Adventus

"The central doctrine of Christianity, then, is not that God is a bastard. It is, in the words of the late Dominican theologian Herbert McCabe, that if you don’t love you’re dead, and if you do, they’ll kill you."--Terry Eagleton

"It is impossible for me to say in my book one word about all that music has meant in my life. How then can I hope to be understood?--Ludwig Wittgenstein

“The opposite of poverty is not wealth; the opposite of poverty is justice."--Bryan Stevenson

Tuesday, September 17, 2013

On the other other hand....

Not Stephen Fry (mostly)

TC gives me the words I was referring to earlier:
But on the other hand we must remember the point that was made that the church is very loose on moral evils because although they try to accuse people like me who believe in empiricism and the enlightenment of somehow what they call moral relativism as if it's some appalling sin whereas what it actually means is thought  they, they, for example, thought that slavery was perfectly fine absolutely OK and then they didn't.   What's the point of the Catholic Church if they say,  Oh, well we couldn't know any better because nobody else did. [Said with that kind of dramatic outrage that only a Brit anti-Catholic with a posh education and acting experience can ] Then what are you for!

As TC has pointed out, empiricism and the enlightenment didn't exactly lead to the rapid abolition of slavery because reason is always more ethical than religion, or something.  Indeed, reason made slavery, well, reasonable:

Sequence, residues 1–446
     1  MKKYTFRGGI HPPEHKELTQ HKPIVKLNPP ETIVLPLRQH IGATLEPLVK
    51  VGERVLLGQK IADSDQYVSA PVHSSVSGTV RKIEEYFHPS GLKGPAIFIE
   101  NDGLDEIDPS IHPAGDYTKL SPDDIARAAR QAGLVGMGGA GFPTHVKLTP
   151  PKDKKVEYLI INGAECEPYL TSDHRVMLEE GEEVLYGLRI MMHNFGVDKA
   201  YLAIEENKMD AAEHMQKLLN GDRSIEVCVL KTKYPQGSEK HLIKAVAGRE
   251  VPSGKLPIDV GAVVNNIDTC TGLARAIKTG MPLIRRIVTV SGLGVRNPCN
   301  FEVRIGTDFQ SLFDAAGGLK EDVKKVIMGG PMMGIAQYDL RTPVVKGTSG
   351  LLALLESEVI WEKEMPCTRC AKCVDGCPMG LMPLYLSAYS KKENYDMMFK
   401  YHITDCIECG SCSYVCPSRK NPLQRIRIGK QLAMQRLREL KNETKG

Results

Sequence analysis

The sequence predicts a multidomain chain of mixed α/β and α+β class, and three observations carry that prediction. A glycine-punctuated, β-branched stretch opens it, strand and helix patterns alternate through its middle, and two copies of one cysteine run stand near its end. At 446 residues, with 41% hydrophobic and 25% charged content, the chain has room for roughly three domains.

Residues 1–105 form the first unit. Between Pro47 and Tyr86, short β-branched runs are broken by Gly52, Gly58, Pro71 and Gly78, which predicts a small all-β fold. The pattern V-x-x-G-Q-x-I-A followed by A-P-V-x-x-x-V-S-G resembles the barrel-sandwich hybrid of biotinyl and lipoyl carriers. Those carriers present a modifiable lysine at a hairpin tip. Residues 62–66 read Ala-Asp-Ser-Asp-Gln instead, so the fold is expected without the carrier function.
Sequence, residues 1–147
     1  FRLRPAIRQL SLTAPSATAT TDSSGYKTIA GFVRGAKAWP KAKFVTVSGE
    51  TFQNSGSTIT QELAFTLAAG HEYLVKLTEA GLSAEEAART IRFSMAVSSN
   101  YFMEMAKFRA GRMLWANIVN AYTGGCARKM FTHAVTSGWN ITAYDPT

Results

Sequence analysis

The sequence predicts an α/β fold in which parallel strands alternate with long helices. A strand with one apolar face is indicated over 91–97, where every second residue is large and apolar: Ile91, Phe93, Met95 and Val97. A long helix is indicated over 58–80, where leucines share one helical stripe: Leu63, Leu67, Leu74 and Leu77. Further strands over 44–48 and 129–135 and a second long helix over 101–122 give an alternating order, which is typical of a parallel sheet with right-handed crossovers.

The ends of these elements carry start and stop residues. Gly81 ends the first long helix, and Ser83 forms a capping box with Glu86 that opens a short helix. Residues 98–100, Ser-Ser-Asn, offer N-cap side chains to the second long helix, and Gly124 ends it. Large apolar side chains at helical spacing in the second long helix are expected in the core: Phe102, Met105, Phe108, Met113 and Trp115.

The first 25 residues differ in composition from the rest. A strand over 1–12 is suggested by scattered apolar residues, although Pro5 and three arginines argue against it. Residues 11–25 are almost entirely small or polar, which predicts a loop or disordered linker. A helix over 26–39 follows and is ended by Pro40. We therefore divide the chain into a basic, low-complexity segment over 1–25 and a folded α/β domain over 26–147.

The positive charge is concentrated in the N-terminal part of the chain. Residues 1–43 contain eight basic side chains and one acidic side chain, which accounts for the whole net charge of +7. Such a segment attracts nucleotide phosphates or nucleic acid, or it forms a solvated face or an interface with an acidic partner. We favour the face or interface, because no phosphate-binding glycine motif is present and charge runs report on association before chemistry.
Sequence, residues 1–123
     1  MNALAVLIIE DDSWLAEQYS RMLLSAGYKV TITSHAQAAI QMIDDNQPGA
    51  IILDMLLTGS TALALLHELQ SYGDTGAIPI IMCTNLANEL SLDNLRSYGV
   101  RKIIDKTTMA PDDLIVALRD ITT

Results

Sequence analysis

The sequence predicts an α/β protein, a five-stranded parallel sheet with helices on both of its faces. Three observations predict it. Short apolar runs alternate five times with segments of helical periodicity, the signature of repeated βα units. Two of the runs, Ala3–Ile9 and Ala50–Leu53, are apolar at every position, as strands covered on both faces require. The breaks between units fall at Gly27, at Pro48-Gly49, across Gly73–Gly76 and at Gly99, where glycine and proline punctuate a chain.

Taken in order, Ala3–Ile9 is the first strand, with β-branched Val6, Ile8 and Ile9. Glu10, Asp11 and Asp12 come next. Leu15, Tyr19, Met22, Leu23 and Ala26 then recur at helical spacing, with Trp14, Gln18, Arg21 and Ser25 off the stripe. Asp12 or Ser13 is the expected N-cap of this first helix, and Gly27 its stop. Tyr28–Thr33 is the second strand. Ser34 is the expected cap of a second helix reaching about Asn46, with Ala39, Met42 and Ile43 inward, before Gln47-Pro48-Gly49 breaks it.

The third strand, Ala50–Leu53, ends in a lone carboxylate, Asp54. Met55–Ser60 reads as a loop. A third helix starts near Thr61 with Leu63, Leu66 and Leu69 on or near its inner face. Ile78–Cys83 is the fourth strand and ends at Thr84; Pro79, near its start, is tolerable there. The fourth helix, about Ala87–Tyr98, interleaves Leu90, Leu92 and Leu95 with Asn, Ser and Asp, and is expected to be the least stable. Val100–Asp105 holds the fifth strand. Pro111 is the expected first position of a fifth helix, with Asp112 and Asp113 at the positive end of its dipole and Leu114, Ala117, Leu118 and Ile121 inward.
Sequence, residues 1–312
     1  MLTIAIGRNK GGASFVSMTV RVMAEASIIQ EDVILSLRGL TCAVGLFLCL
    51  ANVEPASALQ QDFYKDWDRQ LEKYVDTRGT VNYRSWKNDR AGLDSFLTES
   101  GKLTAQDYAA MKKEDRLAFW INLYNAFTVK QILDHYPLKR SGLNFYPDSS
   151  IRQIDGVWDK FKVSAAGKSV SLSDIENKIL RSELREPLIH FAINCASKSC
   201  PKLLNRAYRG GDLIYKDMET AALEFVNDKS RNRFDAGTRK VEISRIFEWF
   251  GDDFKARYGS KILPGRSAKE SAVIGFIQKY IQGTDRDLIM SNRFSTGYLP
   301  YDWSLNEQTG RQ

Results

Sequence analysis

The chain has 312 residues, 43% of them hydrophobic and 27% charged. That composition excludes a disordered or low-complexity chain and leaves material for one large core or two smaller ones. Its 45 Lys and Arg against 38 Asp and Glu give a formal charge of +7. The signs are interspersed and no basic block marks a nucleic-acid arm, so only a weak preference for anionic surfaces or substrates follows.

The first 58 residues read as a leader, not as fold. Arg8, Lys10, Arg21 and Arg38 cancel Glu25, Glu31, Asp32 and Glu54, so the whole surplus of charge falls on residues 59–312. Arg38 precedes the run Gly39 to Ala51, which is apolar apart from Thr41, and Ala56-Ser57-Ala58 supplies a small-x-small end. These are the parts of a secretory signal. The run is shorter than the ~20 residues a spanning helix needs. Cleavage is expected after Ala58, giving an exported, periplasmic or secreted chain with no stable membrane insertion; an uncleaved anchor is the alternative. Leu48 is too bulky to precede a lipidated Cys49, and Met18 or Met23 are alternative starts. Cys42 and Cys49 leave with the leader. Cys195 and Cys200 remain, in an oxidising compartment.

Many of America’s revered colleges and universities—from Harvard, Yale, and Princeton to Rutgers, Williams College, and UNC—were soaked in the sweat, the tears, and sometimes the blood of people of color. The earliest academies proclaimed their mission to Christianize the savages of North America, and played a key role in white conquest. Later, the slave economy and higher education grew up together, each nurturing the other. Slavery funded colleges, built campuses, and paid the wages of professors. Enslaved Americans waited on faculty and students; academic leaders aggressively courted the support of slave owners and slave traders. Significantly, as Wilder shows, our leading universities, dependent on human bondage, became breeding grounds for the racist ideas that sustained them.

Ebony and Ivy is a powerful and propulsive study and the first of its kind, revealing a history of oppression behind the institutions usually considered the cradle of liberal politics.

I don't know this history, but I do know most of the impetus for the abolitionist movement in America came from the churches or from individual Christians.  I'm not aware of any significant contribution from the colleges and universities.

I haven't read the book yet, either, but I don't think it's too early to say:  "Oops."  Or maybe:  "All have sinned and fallen short of the glory of God."

5 Comments:

Blogger alberich said...

On yet another hand (*), it wasn't necessarily the case in those days that universities, often being founded to train clergy, were temples of secularism. And as far as I remember, the leading lights of the First Great Awakening thought themselves to be as enlightened as the Deists, and FWIW, Franklin found Whitefield to be a fellow intellectual.

* we Jews may not have horns or tails, but we do have more than two hands ;)

1:09 PM  
Blogger Rmj said...

On yet another hand (*), it wasn't necessarily the case in those days that universities, often being founded to train clergy, were temples of secularism. And as far as I remember, the leading lights of the First Great Awakening thought themselves to be as enlightened as the Deists, and FWIW, Franklin found Whitefield to be a fellow intellectual.

I considered that, and yes, the major universities were religious schools first.

I think that faded rather rapidly, however, especially in the 18th century. And while Xianity certainly supported racism (as much as other parts of Xianity decried it), the racism the book seems to say (I should read it first, shouldn't I?) came from the universities doesn't seem to have been too deeply rooted in religion.